Floodwater accumulated in yards at Canal Number One, West Bank Demerara after intense rainfall over the past week has started to slowly recede and residents are anxious to begin their clean up.
Stabroek News yesterday revisited the affected community and noticed that water levels have dropped but some residents expressed fear that if the rain continues, they may have to endure more flooding.
In one area where both the street and trench had been covered, the water had receded completely but residents remained indoors. Most low-lying residential yards continue to be the ones most affected.
Residents have made use of sandbags to keep the water out of their homes and some have created makeshift walkways elevated above the water to gain access to and from their yards.
While some were trying to cope with the flooding, for others the disruption of their lives has been unbearable.
“I just want the water to go away, nothing else. We have to be in the house all day…,” said Indranie (only name given), a resident whose entire yard was covered with water.
She noted that while the water level had dropped, a significant volume remain-ed on their lands. She opined that if internal drains are cleaned of rapidly growing moss, they might be able to get faster drainage.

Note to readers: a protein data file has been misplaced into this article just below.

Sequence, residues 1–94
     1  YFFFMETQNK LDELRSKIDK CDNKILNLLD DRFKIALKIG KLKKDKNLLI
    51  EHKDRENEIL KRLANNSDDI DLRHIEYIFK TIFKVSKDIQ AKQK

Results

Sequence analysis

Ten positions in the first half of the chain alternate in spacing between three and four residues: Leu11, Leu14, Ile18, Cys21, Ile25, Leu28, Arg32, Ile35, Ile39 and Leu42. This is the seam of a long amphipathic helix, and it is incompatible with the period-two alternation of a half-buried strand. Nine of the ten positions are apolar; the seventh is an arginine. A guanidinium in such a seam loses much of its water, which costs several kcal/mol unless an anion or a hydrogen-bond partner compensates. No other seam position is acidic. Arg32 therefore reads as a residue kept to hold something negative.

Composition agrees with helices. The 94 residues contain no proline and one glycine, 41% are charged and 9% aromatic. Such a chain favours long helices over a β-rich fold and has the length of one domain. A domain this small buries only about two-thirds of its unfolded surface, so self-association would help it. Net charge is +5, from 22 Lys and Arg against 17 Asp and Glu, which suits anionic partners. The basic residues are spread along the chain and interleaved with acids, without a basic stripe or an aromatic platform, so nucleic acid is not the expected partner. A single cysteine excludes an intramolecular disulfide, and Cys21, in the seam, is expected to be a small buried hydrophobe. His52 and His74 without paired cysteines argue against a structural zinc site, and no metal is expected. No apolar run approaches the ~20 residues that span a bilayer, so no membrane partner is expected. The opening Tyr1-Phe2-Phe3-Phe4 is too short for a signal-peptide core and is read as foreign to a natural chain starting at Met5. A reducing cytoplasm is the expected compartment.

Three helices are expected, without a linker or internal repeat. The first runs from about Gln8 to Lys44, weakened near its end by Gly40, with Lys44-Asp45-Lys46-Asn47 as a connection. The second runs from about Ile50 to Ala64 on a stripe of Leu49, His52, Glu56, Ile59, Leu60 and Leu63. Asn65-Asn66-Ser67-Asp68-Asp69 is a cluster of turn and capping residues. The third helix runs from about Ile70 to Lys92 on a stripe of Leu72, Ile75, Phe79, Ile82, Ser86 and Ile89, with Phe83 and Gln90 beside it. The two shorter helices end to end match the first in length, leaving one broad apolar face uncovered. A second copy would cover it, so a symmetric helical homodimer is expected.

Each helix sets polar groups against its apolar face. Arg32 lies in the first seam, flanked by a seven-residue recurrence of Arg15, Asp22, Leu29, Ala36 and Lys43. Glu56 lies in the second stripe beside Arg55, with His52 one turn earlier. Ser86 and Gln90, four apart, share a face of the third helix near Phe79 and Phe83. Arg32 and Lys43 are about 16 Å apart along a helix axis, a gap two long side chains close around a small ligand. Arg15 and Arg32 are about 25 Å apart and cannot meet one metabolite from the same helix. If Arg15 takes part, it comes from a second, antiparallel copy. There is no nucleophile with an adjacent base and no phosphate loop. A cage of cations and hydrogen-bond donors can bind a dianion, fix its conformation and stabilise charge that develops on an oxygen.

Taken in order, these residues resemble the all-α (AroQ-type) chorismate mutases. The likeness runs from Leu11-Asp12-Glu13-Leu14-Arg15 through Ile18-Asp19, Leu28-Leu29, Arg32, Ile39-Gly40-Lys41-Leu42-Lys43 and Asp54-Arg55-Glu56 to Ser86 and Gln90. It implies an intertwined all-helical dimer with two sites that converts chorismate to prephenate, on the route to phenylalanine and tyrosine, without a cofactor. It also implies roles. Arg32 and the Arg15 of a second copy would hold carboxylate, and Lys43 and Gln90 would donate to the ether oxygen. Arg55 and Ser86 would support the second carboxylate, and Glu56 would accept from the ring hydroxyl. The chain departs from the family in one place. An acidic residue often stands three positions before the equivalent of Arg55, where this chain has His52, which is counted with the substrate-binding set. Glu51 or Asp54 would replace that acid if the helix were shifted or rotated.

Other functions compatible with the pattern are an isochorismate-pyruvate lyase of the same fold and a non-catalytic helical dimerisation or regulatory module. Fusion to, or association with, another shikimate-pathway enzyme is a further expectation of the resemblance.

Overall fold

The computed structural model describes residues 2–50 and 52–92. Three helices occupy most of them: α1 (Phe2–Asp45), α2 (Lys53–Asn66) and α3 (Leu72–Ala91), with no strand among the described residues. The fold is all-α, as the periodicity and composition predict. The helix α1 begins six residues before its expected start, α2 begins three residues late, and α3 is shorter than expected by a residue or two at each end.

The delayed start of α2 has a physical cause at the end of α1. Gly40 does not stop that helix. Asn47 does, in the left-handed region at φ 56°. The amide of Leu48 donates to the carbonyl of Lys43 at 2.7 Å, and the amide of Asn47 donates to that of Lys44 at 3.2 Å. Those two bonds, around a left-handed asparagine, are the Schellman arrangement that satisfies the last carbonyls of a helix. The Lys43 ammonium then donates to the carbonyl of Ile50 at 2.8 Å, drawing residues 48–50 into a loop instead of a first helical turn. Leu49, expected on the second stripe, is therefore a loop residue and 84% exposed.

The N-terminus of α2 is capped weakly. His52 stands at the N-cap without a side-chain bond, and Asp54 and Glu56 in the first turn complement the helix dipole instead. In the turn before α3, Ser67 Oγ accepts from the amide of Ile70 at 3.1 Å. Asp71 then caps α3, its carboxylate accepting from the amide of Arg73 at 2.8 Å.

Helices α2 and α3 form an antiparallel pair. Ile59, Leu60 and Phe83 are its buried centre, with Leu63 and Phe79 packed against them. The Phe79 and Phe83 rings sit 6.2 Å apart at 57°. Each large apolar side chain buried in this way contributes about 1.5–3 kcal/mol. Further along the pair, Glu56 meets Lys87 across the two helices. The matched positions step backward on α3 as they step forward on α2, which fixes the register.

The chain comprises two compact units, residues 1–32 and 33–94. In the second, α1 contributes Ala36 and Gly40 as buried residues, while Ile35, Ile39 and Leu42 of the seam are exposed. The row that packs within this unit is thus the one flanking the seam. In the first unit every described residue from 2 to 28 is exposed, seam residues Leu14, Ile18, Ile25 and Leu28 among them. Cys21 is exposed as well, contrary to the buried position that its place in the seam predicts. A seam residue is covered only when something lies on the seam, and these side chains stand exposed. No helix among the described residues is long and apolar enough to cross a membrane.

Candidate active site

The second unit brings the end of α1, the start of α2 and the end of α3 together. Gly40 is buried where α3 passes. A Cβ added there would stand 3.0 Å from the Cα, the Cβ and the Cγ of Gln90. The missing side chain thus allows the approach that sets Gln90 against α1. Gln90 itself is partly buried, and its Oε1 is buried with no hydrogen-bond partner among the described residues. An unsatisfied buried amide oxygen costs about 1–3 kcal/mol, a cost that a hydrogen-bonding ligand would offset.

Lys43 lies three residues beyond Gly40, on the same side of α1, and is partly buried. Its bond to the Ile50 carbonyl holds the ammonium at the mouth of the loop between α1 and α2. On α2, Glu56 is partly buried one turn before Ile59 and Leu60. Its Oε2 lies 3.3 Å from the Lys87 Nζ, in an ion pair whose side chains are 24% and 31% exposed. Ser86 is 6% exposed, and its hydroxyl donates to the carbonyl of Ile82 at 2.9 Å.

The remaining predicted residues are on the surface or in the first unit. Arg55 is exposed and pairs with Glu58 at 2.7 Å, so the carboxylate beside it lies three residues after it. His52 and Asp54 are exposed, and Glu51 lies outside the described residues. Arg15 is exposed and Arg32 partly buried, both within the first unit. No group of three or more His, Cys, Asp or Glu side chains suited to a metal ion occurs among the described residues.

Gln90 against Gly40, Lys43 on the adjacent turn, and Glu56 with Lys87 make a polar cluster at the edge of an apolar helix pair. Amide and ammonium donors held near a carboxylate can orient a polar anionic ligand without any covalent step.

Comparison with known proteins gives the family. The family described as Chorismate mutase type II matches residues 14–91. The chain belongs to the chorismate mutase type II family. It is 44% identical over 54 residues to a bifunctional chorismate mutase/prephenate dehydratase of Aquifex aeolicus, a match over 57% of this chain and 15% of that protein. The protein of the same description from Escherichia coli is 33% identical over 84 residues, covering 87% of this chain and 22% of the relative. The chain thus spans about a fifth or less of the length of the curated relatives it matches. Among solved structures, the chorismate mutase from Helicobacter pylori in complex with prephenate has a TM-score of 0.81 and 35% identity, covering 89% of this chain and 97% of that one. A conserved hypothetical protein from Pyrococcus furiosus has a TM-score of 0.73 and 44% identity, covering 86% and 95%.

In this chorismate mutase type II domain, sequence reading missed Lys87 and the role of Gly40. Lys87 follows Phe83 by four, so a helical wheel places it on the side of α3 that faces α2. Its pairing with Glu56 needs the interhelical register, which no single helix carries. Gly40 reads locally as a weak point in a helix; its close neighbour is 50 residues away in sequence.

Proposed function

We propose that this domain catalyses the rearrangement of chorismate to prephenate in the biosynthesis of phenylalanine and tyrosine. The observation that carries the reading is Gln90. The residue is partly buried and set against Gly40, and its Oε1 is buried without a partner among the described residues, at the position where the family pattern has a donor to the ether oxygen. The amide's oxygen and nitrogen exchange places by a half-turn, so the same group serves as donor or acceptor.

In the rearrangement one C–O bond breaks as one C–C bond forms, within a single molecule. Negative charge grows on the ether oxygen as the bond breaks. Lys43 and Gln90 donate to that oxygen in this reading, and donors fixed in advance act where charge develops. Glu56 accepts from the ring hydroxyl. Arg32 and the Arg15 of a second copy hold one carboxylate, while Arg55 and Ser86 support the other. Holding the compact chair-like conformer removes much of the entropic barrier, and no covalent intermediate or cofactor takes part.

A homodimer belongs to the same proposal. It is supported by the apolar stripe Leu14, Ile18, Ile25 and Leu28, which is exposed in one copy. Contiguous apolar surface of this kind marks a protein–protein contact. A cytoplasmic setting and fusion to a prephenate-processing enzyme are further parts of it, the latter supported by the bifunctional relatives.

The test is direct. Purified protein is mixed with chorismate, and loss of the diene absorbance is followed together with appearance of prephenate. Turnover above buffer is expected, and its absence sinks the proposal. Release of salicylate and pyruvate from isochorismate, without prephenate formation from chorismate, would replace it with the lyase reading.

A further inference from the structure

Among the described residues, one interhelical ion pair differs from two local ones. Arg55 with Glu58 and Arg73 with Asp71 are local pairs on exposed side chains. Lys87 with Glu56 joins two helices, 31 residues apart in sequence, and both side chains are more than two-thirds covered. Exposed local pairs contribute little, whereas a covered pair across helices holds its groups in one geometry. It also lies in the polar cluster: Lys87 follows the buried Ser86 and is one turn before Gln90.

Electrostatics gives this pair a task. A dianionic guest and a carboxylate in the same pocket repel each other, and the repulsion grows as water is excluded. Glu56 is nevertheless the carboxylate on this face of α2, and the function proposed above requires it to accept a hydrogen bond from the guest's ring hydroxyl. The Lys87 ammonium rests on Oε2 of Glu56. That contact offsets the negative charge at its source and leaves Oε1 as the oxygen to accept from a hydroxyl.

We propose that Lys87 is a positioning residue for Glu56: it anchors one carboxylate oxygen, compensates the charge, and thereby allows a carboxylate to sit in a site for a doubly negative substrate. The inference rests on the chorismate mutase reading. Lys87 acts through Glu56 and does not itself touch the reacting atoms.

Other residents indicated that they too are waiting for the water to drain off from the land as their plants are under threat. A number of pineapple farms are under water.
One woman said she lost all her passion fruit vines and the other plants at the back of her yard are under water.
While some amount of water had drained off her land, she noted that the portion where her fruit plants are is waterlogged. “I am a pensioner. I depend on these lil fruit trees for a living but this water here might kill all the trees,” said the woman.
Meanwhile, Jacoba Constantia-Conservancy Neighbourhood Democra-tic Council (NDC) Chair-man Dhanraj Bipath last night explained that the council is working to get the water to recede from the yards to bring relief to affected residents.
“We have been able to clean the canal but the water is still draining off slowly,” Bipath said, while noting that an engineer is currently looking at the drainage system to determine the cause for slow drainage.
Asked if there is any plan to clear the internal drains of the moss growing inside, he responded in the affirmative and noted that they were contracting workers to clean.
One resident had said that the rapid growth of the moss in the trenches and canal is as a result of the fertilisers used by farmers.
Bipath had previously said that the current section of canal that is inundated would be the last to receive relief since it is at the lower lying end of the community.
In addition, the NDC Chairman told Stabroek News some farms and residential areas in Canal Number Two are also affected as a result of recent rainfall. However, he was quick to point out that the flooding in that community occurred over the old year’s weekend and they have put systems in place and the water is receding from the land faster than in Canal Number One.